I am a thief.
Ok, I was a thief. When I was about 4 years old I decided that I simply had to have a piece of candy from a large display at a grocery store. It was just sitting there calling my name. In current parenting parlance, "I made a bad choice," and helped myself.
When my mom caught me red-handed, guilt written across my face, she marched me straightaway to the front of the store to speak to the manager. Though I don’t remember the specifics of what he said (I seem to remember jail was mentioned), what I do remember crystal clear is my painful embarrassment at having been called to account in front of the whole store, as curious customers looked on. I felt as small as my distorted image in the store’s overhead security mirror showed me to be.
I never stole anything again. I also have an aversion to hard candy. Coincidence?
But uncomfortable memories aside, I have never been arrested, and I have excellent teeth, so I guess my mom deserves a smiley face sticker on her parental reward chart?
I'm glad I didn't commit my youthful larceny in today's climate; otherwise my mom might have whipped out her smart phone, filmed my humiliation and uploaded it to the Internet in less than five minutes flat!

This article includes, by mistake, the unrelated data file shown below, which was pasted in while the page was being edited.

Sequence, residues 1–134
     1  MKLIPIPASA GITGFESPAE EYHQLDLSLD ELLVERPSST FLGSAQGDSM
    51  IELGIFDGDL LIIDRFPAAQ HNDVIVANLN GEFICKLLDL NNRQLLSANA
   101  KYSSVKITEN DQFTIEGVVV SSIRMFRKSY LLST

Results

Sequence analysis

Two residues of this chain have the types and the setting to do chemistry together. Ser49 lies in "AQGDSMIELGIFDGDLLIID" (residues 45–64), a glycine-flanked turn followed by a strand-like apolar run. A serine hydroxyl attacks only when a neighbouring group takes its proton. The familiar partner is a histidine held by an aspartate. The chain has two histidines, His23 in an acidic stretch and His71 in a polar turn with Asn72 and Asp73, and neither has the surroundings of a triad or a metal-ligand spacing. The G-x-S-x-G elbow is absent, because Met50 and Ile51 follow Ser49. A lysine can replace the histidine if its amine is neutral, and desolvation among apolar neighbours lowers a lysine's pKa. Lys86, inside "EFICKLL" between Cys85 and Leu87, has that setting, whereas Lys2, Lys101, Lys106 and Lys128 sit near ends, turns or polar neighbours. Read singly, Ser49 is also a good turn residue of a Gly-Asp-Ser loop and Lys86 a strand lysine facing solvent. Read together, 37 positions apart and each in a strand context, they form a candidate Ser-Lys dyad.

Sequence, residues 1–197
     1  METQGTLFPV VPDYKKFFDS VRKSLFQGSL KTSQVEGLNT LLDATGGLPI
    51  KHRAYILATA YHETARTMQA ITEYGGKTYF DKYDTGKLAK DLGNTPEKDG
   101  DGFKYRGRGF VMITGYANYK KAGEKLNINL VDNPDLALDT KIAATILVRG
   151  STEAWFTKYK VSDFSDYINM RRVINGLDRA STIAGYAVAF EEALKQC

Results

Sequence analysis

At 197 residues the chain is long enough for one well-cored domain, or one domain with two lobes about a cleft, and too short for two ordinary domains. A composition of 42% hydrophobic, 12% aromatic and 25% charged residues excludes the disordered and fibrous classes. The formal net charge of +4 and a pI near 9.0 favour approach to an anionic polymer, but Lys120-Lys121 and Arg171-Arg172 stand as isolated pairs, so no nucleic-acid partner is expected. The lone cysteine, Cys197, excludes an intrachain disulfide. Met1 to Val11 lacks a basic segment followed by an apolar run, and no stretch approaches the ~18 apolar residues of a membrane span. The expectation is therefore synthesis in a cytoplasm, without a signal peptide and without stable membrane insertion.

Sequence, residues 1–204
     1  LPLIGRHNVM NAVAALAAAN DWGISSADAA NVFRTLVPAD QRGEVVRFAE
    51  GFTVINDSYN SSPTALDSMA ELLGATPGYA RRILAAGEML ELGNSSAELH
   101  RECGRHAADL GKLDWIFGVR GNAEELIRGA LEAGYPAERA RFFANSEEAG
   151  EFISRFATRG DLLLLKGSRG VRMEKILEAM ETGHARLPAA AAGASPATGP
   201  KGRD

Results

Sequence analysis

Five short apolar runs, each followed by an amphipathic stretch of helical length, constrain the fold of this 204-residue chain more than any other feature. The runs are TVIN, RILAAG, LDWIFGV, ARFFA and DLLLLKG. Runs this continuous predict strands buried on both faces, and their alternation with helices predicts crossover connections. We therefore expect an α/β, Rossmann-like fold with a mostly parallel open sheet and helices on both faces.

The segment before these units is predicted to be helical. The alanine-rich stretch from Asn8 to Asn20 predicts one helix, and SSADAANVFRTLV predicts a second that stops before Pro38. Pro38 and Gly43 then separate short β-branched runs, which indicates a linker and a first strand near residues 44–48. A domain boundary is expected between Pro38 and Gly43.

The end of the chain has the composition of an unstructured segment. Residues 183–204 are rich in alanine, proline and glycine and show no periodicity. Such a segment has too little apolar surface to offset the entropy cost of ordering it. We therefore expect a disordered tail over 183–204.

I may have found myself to be an instant viral video star, like a young Texas lacrosse player who currently holds that title. He earned the dubious honor when he recently made the poor decision to cut the line boarding a Southwest Airlines flight. His coaches marched him to the front of the plane, and had him read a prepared statement of apology to the entire plane, and filmed the whole thing. (You can view the video here.)
Using public shaming as a mode of discipline and then broadcasting it to the larger public via social media seems to be becoming a thing in the last year.
Many people are familiar with the infamous "Facebook Dad" who blew his "disrespectful" daughter's laptop to smithereens, and posted the video to her Facebook page. There are many many more examples of public shaming of kids—kids holding signs in public places detailing their transgressions seems to be a particularly popular one.
This week in Parent Chat, we'd like to hear your thoughts about this trend in disciplining children. Do you think it is warranted? Do you think public shaming is an effective and appropriate mode of discipline? Why or why not?